JOPLIN — "My heart will be forever changed after witnessing the strength and love of the Joplin community," writes Melissa.
"Thank you for your hospitality," said a message from the University of Texas School of Social Work at Austin.
"When nothing remains, your love and community prevail," writes Laura, of Little Elm, Texas. "Stay forever strong, Joplin."
Those messages are among thousands that have been scribbled on the walls, windows, floors and doors of the "Volunteer House" at 2502 S. Joplin Ave.
On Friday, the first steps to preserve the house, which took a direct hit in the May 22 tornado, were taken by a group of 20 volunteers who have raised private money to protect it from further damage by the elements.
A wood frame, including trusses, was placed around what remains of the former home of Tim and Stacey Bartow. On Tuesday, workers from Tracker Marine in Miami, Okla., will donate their time and the materials to wrap that frame in a heavy-duty plastic that would normally cover a new boat.
Eventually, the house will be moved to the old tennis courts at Schifferdecker Park. The house and other items, such as damaged cars, are being saved for possible use in the development of a museum in the future.
Tim Bartow said he is thrilled the messages will be saved.
"I think it is wonderful that their messages will be saved and preserved, and that we will get to honor these volunteers when they came to help us in our darkest hour," he said. "There is no way we could have done it ourselves — no way.
"These were messages that were left for the people of Joplin. They told us we will get past this. We will overcome this. To have faith," he said. "I am still amazed to see how many would come from so far away to help us — the love that they had for us. It's hard not to get choked up."
It started with a message that Bartow painted on the south wall of his house. He wrote: "Thank you volunteers. We love you. You are our heroes."
Bartow said he was approached early on after the tornado by Patrick Tuttle, with the city of Joplin, about preserving just that message.
"He (Tuttle) told me then that they would like to preserve the wall if we had no plans for rebuilding on the spot," Bartow said. "He said he wanted to preserve the wall for a museum at some point in time in the future."
Months would pass before Bartow would see Tuttle again. In the meantime, the house with its exposed furniture would become a gathering place for volunteers.
"They put messages to Joplin on the rest of the walls — on any place there was room to write. It took on a life of its own," Bartow said. "These were 'well wishes' for the community. It became a symbol of hope and love from the volunteers.
"For the first six to eight weeks, I was there a lot. Volunteers would come and hang out. They would sit and meditate, and sign their name."
When Tuttle revisited the house and read the messages, Bartow said Tuttle was moved by what he saw. A plan was hatched to save not only the wall but the whole house.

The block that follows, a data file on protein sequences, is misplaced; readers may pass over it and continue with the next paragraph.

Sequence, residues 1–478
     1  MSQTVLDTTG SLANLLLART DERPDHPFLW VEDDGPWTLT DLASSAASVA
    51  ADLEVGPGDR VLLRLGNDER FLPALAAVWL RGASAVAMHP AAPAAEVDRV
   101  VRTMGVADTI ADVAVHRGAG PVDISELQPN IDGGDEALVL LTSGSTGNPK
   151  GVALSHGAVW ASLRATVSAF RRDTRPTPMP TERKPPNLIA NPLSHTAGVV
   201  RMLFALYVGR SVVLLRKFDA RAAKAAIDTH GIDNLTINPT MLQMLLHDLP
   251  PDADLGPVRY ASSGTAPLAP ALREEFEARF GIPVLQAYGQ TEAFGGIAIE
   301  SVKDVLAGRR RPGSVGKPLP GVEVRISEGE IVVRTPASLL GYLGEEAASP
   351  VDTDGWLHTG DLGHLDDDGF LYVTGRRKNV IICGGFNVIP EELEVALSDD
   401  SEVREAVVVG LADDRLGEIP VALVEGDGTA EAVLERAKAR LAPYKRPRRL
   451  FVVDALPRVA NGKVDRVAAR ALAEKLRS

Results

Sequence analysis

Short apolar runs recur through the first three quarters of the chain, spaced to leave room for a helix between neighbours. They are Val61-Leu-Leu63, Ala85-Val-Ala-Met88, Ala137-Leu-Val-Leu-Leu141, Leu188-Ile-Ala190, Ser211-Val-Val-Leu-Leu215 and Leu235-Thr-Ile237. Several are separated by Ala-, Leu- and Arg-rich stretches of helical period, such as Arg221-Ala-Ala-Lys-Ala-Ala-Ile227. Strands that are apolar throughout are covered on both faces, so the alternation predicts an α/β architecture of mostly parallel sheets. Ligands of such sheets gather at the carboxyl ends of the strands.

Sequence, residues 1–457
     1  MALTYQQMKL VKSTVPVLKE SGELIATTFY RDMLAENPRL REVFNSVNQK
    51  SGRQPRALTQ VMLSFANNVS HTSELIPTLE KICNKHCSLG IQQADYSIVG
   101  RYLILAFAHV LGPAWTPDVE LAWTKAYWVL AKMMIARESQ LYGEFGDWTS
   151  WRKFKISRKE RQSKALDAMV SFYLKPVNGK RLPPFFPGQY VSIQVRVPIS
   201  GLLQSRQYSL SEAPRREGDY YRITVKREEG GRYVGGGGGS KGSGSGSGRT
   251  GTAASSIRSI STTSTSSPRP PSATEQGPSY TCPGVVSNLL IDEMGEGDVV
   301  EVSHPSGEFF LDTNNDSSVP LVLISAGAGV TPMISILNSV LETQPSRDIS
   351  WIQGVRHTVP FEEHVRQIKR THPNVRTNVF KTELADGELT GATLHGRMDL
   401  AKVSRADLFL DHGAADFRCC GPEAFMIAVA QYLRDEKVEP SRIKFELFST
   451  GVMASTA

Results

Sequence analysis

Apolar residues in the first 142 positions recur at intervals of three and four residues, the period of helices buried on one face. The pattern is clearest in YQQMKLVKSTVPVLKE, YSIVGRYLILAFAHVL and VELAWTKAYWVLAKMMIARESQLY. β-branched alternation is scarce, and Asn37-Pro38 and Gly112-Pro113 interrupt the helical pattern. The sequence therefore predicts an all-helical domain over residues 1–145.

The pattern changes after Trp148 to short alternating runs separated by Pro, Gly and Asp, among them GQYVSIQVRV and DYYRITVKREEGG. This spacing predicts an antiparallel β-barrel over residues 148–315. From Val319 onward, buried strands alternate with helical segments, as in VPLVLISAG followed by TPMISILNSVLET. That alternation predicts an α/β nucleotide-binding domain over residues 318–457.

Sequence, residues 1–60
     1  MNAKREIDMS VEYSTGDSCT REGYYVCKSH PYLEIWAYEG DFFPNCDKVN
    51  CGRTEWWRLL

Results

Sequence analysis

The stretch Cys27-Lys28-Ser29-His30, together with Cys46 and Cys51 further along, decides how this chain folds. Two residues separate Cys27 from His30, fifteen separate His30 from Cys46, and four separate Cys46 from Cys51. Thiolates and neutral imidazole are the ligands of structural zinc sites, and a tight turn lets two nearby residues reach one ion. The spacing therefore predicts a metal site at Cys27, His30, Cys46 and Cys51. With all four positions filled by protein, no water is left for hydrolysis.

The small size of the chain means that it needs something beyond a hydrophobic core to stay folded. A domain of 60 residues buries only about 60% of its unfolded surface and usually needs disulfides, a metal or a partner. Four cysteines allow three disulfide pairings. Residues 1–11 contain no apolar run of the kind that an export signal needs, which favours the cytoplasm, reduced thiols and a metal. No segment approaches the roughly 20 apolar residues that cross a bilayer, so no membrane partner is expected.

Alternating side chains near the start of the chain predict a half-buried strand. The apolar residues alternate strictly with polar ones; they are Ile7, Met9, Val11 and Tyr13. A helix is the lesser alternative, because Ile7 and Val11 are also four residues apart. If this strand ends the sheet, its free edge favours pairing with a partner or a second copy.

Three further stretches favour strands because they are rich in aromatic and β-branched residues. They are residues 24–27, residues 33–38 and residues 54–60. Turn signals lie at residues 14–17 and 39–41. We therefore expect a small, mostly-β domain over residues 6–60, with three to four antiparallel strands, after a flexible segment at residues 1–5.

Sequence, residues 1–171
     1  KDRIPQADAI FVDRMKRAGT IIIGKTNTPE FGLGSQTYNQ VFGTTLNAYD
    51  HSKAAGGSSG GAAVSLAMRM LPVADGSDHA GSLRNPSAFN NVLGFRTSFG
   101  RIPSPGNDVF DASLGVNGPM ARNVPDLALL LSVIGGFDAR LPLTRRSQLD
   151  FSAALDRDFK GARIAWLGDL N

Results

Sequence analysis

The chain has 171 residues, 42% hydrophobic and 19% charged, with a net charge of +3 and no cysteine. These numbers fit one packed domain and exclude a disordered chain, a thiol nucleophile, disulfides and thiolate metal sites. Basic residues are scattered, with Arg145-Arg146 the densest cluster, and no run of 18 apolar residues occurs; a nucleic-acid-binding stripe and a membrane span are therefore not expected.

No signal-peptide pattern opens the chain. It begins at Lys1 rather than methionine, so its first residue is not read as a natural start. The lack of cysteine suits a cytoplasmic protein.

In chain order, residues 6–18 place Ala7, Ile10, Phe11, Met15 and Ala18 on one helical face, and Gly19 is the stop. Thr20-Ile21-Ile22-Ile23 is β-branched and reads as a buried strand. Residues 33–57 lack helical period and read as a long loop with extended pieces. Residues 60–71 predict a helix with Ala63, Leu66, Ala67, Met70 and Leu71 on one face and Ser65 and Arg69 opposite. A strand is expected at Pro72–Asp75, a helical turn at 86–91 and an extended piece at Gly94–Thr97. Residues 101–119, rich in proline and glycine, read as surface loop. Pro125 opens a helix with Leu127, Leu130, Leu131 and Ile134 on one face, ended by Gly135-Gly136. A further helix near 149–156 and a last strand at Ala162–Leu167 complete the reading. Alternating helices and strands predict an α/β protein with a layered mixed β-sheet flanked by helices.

David Glenn, a commercial real estate broker in Joplin, volunteered to supervise the project. Tuttle said he asked Glenn to do it because of his experience in moving the Missouri-Pacific Depot at 10th and Main streets to 29th Street and Range Line Road. As was the case with the depot, photographs were taken of the house before the preservation effort began to ensure it will look as it did before the move.
Said Glenn: "There are messages here from Alaska, Los Angeles and Puerto Rico. People came here from all over the country to help and give us hope."
The weather has taken a toll on the house in the eight months since the storm. Messages have been lost where paint has peeled away from the walls.
Said Tuttle: "If we don't preserve it now, we'll lose it, and we'll never get it back. When it's time for us to tell our story and how we were helped by people from all over the country, this house will help us do that."
Jose Garza, with Tracker Marine, and four other volunteers with the company — Nathan Hughes, Brandon Oakley, Tyler Williams and Bryan Berryman — worked to prepare the house on Friday for the wrap that will take place on Tuesday.
"We didn't have to search for a team to do this," Garza said. "They came to me and volunteered when they found out about it."
The plastic, which was donated by Transhield, will be precut at the Tracker Marine plant in Miami.
"We're really grateful that Patrick Tuttle contacted us," Garza said. "It's a good opportunity for us to give to the community. Several of our employees were directly affected by the storm. They lost their homes."
About 100 volunteers associated with the plant spent a weekend in Joplin after the tornado picking up debris.
When asked whether he had wrapped something as large as a house before, Garza said, "Never — never. Just 30-foot-long boats. We've never done anything like this, but we'll figure this baby out."